Genomic technology is sweeping across society. 2016 was declared “Generation Genome” by the UK’s Chief Medical Officer, Dame Sally Davies, who said in her opening statements of that year’s annual report: “Genomic medicine has the potential to save costs and improve quality of care by targeting treatment, maximising benefit and reducing side effects. For patients with rare diseases, it can shorten their ‘diagnostic odyssey’ helping to identify therapeutic options faster and improve outcomes.”
With the explosion of availability of genetic testing, both in healthcare settings and via the consumer market through companies such as 23andme and Ancestry.com, genomics is officially now relevant to all of us. Even if you choose to never partake in genetic testing yourself, the moment a biological relative has, information you are linked to becomes available in a database somewhere. The transition into the genomic era means that the definition of what constitutes a “patient” will likely have to shift as well, from the individual to the biological family.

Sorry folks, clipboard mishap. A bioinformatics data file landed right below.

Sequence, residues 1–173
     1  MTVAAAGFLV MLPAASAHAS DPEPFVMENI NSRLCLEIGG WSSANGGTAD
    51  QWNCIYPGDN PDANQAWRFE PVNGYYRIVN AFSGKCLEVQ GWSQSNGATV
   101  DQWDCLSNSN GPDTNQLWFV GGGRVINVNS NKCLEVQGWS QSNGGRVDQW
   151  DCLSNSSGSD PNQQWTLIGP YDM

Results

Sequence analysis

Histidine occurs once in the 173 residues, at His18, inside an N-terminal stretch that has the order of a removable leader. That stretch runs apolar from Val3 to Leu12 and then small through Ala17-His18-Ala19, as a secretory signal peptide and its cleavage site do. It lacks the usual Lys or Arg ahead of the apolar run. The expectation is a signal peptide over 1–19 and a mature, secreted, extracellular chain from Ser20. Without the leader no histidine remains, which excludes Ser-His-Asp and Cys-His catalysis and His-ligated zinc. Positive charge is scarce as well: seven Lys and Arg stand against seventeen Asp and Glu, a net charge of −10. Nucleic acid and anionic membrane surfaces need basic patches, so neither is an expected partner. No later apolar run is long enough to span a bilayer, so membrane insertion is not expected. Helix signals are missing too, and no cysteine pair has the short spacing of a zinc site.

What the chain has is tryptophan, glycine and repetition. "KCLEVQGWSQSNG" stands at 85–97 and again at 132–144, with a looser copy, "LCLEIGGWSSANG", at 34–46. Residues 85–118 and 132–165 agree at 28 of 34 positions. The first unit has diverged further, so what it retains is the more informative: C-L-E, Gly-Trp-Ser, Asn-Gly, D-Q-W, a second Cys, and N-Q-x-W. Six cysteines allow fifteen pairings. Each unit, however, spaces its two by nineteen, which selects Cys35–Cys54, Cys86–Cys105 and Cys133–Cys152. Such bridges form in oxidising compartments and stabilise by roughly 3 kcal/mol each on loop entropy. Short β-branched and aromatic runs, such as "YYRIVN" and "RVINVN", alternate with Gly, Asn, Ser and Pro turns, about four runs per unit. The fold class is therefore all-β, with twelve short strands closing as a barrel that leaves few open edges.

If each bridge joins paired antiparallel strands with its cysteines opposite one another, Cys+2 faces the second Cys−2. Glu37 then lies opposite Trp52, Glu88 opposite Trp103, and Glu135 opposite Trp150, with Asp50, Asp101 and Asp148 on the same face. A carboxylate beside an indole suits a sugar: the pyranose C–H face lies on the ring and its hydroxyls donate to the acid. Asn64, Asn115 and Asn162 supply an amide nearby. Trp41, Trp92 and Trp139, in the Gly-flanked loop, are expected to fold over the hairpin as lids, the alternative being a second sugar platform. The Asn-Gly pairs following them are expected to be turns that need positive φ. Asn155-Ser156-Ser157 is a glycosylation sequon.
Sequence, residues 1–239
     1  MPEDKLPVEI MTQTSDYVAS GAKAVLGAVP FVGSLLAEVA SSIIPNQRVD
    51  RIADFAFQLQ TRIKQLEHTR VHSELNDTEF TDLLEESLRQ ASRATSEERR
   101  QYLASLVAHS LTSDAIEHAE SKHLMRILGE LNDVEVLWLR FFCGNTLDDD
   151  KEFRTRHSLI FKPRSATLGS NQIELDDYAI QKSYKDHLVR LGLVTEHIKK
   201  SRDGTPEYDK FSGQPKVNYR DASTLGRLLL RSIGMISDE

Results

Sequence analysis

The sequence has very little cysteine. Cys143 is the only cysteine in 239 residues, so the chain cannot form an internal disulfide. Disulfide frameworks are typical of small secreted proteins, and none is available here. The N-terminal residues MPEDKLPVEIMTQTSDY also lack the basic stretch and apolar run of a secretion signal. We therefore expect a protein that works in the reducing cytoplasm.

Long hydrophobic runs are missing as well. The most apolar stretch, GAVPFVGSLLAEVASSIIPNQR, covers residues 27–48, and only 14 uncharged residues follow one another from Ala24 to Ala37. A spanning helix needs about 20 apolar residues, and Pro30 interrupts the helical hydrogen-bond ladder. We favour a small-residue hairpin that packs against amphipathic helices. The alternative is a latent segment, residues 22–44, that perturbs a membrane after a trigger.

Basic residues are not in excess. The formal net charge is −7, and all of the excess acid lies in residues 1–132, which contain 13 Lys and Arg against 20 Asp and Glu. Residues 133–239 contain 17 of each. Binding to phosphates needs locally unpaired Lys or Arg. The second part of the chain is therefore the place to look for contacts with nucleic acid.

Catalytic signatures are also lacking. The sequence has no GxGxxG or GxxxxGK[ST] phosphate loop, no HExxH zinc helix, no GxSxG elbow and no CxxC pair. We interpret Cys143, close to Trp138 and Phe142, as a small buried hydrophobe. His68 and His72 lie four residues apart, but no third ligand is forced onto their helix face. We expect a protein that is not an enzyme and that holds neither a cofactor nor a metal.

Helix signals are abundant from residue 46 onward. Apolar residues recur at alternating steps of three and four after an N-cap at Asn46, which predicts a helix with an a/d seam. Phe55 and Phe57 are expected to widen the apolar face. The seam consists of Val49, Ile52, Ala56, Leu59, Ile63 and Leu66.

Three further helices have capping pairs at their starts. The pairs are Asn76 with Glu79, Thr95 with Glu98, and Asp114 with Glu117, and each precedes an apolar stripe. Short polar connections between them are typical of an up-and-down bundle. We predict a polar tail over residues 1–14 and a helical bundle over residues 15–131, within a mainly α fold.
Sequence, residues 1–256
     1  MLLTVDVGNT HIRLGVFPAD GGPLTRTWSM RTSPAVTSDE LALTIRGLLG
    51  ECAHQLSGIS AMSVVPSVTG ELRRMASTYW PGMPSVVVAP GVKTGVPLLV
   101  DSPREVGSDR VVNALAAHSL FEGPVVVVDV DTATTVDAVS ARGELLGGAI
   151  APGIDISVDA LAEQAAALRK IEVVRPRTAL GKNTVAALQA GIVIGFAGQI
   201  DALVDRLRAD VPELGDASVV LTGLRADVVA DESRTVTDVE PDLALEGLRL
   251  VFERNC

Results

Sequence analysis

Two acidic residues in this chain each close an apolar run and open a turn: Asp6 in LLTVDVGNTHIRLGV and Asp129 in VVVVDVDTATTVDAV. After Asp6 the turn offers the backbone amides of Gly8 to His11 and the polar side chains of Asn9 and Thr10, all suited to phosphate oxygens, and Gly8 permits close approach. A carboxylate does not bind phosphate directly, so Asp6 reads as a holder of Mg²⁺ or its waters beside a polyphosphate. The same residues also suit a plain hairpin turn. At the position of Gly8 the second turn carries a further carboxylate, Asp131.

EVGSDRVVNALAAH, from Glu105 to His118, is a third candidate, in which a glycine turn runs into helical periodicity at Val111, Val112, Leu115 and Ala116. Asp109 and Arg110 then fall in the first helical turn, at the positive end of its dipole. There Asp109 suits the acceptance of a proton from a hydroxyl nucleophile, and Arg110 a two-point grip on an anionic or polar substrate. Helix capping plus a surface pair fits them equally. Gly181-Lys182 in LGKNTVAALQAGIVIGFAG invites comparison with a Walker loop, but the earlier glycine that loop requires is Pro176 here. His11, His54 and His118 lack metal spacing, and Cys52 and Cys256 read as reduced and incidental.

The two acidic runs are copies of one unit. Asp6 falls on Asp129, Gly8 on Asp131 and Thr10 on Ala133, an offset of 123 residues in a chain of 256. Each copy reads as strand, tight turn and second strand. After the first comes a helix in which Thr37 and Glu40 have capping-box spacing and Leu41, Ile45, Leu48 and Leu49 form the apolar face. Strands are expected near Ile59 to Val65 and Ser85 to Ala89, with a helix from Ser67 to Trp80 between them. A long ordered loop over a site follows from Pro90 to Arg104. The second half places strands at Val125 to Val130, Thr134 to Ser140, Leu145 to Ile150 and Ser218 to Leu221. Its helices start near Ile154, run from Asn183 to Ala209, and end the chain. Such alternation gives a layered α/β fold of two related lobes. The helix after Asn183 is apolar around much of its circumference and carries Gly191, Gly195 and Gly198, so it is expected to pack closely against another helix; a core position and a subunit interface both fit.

Genetic counsellors are specially trained in how to make sense of a genetic test and how these tests impact a family. As a healthcare profession whose practitioners have expertise both in clinical genetics and in counselling, genetic counsellors have a distinct point of view on the genomic healthcare revolution taking place in the UK and elsewhere. They are responsible for "breaking down the jargon" of the genetic science while simultaneously providing their patients with very nuanced, patient-led counselling that accounts not only for the person sitting in their clinic room, but also that persons' biological family members who may also be impacted by the genetic information.
"Voices of Genetic Counsellors - So Much More Than Just a Test" features four genetic counsellors from across England recalling particularly difficult cases they have dealt with in their careers, which have left a lasting impact on them.